Thanks to the irrepressible and creative Robin Truslow (public relations relations coordinator at our fabulous library) I have been participating in a series on graphic novels given by Dr. Phillip Troutman from The George Washington University where he is assistant professor of writing. The class reminds me of a college seminar, a small group intent on sharing ideas and listening. One of my favorite things.
As are graphic novels. The genre came to my attention when a graphic novel was a finalist in the Young People’s category of the National Book Award. It took me weeks to find a copy of AMERICAN BORN CHINESE by Gene Luen Yang. I read it in one long day and was hooked.
The graphic novel combines words and drawings, enabling the creator to tell his story in an entirely different way from the written word or from a purely pictorial format. The combination of writing and drawing inform each other, giving the story a depth which will surprise the novice reader.
Don’t take my word for it. Give it a try. While you are at it, find a copy of Scott McCloud's, UNDERSTANDING COMICS. This amazing book will take you into the hitherto unexplored and (in my case) unimagined depths of graphic novels. It is not a quick read. It is not an easy read. But it is worth the effort. Here is an example: McCloud spends pages explaining the cartoon as the idea of form. At the end of the discussion he asks if there is any more iconic form of a human face than the smiley face we all know [too] well? Just as I am shaking my head and thinking impossible, McCloud, with an interactive panel, demonstrates to me that “words are the ultimate abstraction.” (Pam I think you would love this book – when’s your birthday?)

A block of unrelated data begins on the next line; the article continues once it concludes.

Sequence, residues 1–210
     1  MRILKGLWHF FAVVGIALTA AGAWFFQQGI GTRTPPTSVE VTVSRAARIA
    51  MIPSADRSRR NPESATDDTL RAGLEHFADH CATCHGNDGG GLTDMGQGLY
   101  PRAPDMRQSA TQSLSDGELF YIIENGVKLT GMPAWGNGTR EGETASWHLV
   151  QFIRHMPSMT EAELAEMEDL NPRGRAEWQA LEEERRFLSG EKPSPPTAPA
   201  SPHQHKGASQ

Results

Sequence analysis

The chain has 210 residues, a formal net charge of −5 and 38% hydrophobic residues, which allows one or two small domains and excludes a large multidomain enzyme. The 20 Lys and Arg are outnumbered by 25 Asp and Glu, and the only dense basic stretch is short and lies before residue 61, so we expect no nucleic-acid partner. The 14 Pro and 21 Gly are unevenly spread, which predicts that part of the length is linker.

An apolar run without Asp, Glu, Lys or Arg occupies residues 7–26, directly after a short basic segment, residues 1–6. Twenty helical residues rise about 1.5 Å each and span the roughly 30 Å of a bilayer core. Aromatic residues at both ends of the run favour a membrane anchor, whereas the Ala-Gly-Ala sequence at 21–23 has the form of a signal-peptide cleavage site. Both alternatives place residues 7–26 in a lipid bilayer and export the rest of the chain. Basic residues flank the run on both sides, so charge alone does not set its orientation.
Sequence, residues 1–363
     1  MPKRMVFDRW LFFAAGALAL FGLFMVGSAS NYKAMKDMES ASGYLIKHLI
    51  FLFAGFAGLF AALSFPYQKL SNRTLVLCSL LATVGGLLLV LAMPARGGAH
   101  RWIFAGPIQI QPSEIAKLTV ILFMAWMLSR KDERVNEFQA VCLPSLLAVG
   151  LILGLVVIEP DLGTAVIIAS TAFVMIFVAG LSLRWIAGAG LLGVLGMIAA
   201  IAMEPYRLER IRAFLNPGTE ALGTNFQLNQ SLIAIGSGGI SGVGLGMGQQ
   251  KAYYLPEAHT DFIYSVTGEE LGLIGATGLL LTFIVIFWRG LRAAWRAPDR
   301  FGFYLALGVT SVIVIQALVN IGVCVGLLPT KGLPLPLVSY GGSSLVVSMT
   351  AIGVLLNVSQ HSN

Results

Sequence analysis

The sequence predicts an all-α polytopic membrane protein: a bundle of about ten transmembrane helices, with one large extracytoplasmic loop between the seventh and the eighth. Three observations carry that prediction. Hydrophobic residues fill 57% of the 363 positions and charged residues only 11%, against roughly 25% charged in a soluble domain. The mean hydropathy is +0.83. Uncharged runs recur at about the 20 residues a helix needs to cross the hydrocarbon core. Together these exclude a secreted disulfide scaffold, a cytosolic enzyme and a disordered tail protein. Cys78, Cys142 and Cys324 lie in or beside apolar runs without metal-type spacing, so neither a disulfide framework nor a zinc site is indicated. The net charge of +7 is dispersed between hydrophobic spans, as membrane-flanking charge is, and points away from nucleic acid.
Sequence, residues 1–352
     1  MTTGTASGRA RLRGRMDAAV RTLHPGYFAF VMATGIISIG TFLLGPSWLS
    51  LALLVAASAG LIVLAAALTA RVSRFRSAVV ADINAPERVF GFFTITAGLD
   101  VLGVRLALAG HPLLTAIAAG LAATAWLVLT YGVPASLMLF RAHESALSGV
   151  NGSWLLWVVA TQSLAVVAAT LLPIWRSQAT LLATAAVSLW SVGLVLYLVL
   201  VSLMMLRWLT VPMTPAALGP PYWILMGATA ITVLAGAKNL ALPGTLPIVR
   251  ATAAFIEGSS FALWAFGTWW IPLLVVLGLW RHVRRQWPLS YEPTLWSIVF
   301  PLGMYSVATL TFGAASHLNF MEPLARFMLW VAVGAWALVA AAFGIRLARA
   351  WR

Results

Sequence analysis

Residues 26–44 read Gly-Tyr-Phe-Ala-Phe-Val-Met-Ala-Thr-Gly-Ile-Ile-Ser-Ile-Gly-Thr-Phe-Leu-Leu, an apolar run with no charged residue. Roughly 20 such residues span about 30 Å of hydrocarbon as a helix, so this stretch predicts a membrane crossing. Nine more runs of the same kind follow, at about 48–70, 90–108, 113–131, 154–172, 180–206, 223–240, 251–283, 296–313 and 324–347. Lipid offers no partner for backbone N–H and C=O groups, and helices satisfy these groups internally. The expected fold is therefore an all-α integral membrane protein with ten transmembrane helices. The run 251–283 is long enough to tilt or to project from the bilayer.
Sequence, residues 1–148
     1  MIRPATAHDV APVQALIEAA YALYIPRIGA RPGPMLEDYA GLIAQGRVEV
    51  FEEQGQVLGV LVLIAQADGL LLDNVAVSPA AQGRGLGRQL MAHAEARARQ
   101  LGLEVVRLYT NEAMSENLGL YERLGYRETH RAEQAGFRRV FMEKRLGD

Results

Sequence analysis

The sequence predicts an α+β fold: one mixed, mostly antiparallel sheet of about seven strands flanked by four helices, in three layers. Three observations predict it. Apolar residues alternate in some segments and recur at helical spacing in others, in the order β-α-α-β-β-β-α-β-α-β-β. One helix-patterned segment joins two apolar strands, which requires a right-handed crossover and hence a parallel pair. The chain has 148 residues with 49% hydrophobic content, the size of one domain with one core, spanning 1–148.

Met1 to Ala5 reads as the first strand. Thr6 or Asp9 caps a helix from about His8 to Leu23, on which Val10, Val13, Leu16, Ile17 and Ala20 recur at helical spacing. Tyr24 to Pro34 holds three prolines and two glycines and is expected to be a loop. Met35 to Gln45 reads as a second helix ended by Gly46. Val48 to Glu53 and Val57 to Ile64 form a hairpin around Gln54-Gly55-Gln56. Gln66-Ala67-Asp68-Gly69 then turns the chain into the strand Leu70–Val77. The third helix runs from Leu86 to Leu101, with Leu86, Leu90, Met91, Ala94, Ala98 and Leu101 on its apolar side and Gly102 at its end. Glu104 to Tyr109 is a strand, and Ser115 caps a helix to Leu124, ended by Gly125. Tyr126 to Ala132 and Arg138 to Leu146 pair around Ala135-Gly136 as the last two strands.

What does this have to do with research? The origins of the graphic novel are lost in history. Here are a few examples: The Bayeux Tapestry -- that's a small sample of it at the right, William Hogarth's series of paintings, A HARLOTS PROGRESS (1731) though short in the number of "panels" has all the elements of a graphic novel, some of Rowlandson's work in the early nineteenth century especially the Dr. Syntax series. I would suggest that Diana Sperling’s MRS. HURST DANCING (1812-1823) would qualify as well.
I so wish that someone would do a graphic novel of PRIDE AND PREJUDICE. Are you familiar with graphic novels? Do you have any you can add to my "must read" list? Are you willing to give it a try?